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Richie Cannata: “Keep it In the Pocket” and “Chameleon”

Richie Cannata, who has long been associated with Billy Joel — he was his sax player through 1982 — and more recently with The Beach Boys and Bernie Williams, gave a terrific performance in a municipal concert on August 9 in Glen Cove, a small city on the north shore of Long Island.

Cannata performed with various friends and family members, including Spyro Gyra guitarist Julio Fernandez. I don’t know enough about Fernandez to say that his guitar solo on the encore number — Led Zeppelin’s Whole Lotta Love — was characteristic of him or not. But for a jazz guitarist, he sure seemed to enjoy acting like Jimmy Page for a few minutes.

Here is the beginning of Cannata’s bio at ReverbNation:

Born in Brooklyn and raised on Long Island, Richie Cannata studied classical piano and clarinet. He also plays flute and keyboards in addition to tenor, alto, soprano, and baritone sax, with tenor sax being his forte. Richie has recorded and toured with Billy Joel’s band since 1975 and still can be seen with him today. For over a decade, Richie has also been a member of The Beach Boys, playing on their recordings as well as all of the world concert tours. Richie’s talent as a performing artist doesn’t even outshine his accomplishments behind the scenes. (Continue Reading…)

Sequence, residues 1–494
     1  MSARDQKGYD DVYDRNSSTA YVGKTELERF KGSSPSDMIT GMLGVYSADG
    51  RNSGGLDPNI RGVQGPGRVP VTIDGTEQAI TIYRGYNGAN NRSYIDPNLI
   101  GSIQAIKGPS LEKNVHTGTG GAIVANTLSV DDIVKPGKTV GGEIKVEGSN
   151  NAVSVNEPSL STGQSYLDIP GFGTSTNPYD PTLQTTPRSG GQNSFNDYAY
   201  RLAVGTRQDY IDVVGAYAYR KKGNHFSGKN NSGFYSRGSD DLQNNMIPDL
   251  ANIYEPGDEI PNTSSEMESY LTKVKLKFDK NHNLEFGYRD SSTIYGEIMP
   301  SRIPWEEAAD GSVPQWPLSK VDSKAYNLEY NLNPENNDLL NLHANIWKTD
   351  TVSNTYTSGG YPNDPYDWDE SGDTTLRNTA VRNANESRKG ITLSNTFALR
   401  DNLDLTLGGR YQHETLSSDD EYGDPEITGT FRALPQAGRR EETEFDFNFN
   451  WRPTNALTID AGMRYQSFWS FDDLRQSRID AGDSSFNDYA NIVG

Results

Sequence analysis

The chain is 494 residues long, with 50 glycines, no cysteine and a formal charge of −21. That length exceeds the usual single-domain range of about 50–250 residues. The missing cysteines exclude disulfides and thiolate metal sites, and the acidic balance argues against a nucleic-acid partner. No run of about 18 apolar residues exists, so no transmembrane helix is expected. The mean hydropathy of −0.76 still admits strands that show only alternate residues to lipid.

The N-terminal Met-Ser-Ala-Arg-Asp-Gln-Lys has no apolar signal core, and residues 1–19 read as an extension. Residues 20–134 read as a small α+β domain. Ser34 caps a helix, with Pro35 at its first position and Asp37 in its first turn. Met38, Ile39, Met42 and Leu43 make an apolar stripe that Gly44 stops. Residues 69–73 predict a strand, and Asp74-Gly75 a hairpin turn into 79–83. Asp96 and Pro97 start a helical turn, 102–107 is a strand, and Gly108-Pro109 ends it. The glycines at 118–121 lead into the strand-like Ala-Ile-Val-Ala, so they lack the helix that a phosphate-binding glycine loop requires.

Cannata’s site has more information. Above is Keep it In the Pocket and below is Chameleon.

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Duke Ellington brought class, sophistication and style to jazz which, until that point, was proudly unpolished and raucous. His story is profound. The author, Terry Teachout, also wrote "Pops," the acclaimed bio of Louis Armstrong. Click here or on the image.

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What else is there to say? Here is the story behind every song written by The Beatles. Click here or on the image.

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The Grateful Dead don't get enough credit for the profound nature of its lyrics. Many of the band's songs are driven by a deep and literate Americana ("I'm Uncle Sam/That's who I am/Been hidin' out/In a rock and roll band" and "Majordomo Billy Bojangles/Sit down and have a drink with me/What's this about Alabama/Keeps comin' back to me?").

David Dodd's exhaustive study tells the story, song by song. Click here or on the image.

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